Collaborative program with German universities enlivens online teaching and learning

Second language education professor Bill Dunn was looking for a way to enliven an online class he was teaching during the pandemic. By taking advantage of a Collaborative Online International Learning (COIL) program with the University of Paderborn in Germany, he was able to create a more enriching learning experience, but it turned out to be a worthwhile professional development experience for him as well.

“I knew students were getting tired of online classes, so I thought [COIL] might add more excitement and an international element to make it more interesting,” Dunn said. “But I can’t think of many experiences I’ve had that have brought this kind of freshness to my teaching.”

Dunn and other Faculty members who have participated or are currently participating in the program want to encourage colleagues to discover the upsides of this unique opportunity for themselves.

The COIL program is one initiative stemming from a Memorandum of Understanding between post-secondary institutions in Germany and central Alberta. The German government provided funding and other supports for instructors to deliver course content to students in Albertan and German classrooms. Funding was available for teaching assistants, workshops and travel between countries, the latter of which the pandemic, unfortunately, has ruled out for now.

Dunn said that, while the course content he and his German counterparts developed drew on familiar material, negotiating new teaching technologies and the differing educational contexts added a fresh dimension to the work.

“In addition to what I’ve learned about teaching online and ideas for my own courses, it stimulated a lot of thinking about my own teaching,” Dunn said. “And the relationships I’ve built — I think this is a lasting connection we’ll use in the future for teaching and research.”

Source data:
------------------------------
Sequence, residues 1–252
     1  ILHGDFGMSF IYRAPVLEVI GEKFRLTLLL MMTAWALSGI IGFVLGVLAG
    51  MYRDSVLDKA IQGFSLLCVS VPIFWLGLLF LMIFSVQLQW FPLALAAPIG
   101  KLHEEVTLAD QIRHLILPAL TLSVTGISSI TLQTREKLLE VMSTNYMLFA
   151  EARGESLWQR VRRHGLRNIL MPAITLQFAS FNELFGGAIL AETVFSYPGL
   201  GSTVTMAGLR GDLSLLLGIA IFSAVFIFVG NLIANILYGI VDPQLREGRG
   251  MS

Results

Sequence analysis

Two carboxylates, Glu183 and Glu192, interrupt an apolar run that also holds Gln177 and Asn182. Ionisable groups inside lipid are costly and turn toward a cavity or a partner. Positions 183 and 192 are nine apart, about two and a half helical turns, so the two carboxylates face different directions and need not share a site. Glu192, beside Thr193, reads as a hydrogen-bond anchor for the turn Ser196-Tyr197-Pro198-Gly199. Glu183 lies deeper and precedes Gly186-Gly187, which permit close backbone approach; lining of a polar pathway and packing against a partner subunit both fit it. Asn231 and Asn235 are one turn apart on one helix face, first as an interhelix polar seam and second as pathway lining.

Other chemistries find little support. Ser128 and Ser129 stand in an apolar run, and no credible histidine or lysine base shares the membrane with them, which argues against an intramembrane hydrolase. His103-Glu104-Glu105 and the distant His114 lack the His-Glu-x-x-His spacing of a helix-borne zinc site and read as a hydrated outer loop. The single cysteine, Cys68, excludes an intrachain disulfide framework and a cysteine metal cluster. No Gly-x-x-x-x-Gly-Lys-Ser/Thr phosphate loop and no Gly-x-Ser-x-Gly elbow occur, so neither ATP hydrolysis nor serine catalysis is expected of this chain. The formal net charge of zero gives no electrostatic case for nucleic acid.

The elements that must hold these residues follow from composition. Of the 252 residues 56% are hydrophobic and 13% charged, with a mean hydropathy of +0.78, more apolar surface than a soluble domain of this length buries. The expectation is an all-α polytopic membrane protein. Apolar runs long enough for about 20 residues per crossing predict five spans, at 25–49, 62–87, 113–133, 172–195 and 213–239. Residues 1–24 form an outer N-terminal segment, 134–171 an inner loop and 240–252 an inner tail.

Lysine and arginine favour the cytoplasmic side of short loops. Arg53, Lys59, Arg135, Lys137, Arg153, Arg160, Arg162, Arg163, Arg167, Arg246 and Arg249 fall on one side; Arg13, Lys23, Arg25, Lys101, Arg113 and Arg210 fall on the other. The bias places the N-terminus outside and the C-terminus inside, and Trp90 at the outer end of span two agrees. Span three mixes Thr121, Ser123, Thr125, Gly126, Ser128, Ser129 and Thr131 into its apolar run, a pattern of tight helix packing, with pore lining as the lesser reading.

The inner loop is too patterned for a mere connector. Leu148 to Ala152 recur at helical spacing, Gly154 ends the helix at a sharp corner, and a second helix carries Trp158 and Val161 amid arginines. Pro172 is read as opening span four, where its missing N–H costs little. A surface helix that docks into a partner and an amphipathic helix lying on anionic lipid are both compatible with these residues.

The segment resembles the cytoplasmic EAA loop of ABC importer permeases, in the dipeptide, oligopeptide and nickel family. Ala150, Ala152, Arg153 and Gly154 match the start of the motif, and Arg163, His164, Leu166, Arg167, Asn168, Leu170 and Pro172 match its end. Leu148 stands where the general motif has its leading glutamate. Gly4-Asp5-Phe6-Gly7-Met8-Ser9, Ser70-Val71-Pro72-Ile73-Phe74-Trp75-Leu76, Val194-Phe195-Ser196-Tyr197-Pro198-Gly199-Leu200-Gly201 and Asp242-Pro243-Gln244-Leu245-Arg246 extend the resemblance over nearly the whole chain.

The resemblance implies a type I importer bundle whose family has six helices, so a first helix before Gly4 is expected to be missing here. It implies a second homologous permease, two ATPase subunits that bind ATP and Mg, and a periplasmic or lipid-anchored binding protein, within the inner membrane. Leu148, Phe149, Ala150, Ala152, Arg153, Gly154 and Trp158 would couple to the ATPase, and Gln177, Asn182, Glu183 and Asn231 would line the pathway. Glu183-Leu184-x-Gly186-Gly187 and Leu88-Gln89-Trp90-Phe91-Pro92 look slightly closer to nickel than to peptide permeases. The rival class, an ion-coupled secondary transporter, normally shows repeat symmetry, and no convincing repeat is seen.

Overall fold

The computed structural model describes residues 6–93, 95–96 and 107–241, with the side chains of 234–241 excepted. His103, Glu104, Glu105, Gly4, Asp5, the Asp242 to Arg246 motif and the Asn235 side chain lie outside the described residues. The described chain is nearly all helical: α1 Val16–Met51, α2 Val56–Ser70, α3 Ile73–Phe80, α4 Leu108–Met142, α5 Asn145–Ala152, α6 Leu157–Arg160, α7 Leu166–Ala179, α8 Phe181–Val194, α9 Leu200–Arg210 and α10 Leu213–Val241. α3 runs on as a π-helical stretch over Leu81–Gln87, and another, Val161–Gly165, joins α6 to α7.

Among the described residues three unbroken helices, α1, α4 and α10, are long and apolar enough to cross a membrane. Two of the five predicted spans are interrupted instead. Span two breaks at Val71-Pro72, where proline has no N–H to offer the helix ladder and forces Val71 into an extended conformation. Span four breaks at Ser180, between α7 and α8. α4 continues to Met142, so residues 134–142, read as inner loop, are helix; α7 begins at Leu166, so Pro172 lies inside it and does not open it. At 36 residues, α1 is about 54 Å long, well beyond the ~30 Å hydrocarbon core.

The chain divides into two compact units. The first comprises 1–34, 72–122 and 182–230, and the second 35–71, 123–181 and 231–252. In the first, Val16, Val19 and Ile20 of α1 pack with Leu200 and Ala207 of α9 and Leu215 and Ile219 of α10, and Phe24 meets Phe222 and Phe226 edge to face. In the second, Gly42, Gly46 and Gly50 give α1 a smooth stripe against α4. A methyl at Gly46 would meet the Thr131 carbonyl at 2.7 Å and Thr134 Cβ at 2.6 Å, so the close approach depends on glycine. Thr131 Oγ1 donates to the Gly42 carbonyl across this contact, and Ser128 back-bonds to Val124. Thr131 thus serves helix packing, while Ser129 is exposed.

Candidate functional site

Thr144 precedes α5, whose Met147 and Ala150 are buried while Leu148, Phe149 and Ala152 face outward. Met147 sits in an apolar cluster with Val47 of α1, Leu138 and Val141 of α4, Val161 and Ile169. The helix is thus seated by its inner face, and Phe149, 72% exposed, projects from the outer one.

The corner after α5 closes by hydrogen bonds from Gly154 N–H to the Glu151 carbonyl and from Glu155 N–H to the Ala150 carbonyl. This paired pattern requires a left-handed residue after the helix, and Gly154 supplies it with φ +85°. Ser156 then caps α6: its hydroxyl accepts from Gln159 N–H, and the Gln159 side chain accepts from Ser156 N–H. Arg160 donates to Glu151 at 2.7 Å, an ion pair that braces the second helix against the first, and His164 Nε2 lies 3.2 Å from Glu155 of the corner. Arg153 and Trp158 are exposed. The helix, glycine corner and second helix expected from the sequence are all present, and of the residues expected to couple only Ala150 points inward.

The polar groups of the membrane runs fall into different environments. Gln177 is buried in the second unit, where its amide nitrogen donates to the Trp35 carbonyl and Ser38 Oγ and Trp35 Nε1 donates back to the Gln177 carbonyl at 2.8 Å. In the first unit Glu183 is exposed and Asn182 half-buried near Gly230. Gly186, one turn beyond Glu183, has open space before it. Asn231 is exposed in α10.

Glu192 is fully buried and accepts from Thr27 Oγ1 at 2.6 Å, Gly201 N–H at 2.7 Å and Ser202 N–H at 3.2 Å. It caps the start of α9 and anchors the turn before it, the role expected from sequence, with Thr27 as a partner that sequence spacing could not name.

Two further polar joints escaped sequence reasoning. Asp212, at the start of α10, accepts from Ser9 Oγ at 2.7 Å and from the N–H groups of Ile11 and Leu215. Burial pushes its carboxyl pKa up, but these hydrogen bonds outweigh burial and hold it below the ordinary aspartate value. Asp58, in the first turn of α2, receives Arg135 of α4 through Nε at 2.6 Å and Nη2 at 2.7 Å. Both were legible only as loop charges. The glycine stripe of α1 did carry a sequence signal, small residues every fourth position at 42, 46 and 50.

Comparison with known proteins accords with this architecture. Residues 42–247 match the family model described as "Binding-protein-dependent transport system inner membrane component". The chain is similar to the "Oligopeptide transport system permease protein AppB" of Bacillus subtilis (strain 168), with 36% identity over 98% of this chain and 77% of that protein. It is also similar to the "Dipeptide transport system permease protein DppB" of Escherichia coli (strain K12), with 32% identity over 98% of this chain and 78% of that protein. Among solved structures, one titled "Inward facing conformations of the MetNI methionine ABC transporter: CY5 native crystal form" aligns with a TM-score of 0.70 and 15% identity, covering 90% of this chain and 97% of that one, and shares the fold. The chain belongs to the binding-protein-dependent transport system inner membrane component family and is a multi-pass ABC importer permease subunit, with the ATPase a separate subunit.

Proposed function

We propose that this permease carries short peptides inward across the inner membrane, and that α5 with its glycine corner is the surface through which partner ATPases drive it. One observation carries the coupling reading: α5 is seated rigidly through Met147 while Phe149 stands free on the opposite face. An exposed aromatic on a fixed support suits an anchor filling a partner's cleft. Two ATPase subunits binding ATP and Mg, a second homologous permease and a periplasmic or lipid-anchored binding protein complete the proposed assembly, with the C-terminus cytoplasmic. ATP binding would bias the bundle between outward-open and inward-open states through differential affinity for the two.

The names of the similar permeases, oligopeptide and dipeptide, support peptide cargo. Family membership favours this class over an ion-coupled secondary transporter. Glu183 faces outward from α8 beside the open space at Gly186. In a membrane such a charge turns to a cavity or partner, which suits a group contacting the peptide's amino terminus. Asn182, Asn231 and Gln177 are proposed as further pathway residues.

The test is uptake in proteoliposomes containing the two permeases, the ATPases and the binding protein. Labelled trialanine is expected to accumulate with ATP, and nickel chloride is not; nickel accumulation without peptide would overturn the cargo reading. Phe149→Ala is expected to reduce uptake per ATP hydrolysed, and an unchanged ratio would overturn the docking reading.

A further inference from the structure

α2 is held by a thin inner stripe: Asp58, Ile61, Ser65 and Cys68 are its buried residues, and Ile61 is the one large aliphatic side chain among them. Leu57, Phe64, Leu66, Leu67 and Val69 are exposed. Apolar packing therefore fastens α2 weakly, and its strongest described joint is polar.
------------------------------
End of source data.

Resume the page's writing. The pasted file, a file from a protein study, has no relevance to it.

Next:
He added that the program allows for flexibility in designing a learning experience that enables instructors to manage the associated workload for themselves and their students.

“You can develop and teach an entire course together, or set up a single project for students, or anything in between,” he said.

Education through an international lens

English language arts education and curriculum studies associate professor Claudia Eppert said it’s been gratifying to refresh her perspective by working with a counterpart at Bielefeld University whose focus on critical and digital literacies complements and enhances her own.

“It’s been invigorating in terms of the new knowledge and possibilities of sharing our approaches,” Eppert said. “I’m really excited to be teaching this course I’ve been teaching for many years. There’s been lots of new learning.”

Early childhood education professor Anna Kirova and Educational Psychology sessional lecturer Shiva Zarezadeh Kheibari are just concluding their COIL course with counterparts at Bielefeld University, for which they used a technology platform called Perusall. They said collaborating with both German academics and students to step outside their usual frame of reference added value to the experience.

“You rarely have an opportunity to work collaboratively and co-teach, so creating content and thinking about assignments together and thinking about what’s relevant in the international context has been enriching,” Kirova said. “We take so much for granted in terms of what’s important to our students. When you present to a different cultural group, it makes you think about what’s actually relevant and what are the big questions in education that we can all share.”

“I learned a lot from students’ comments and annotations on Perusall. It’s a high-level reflection and understanding of both cultures,” Zarezadeh Kheibari added. “I learned a lot about the German education system, and they learned a lot about Canada’s education system.”

Dunn, Eppert and Kirova said anyone wishing to know more about their COIL experiences should feel free to reach out. For more information about the possibility of forming a partnership with a professor or course instructor in Germany, contact Magdalena Mayer, Strategic Partnerships Coordinator, International Office, Bielefeld University, at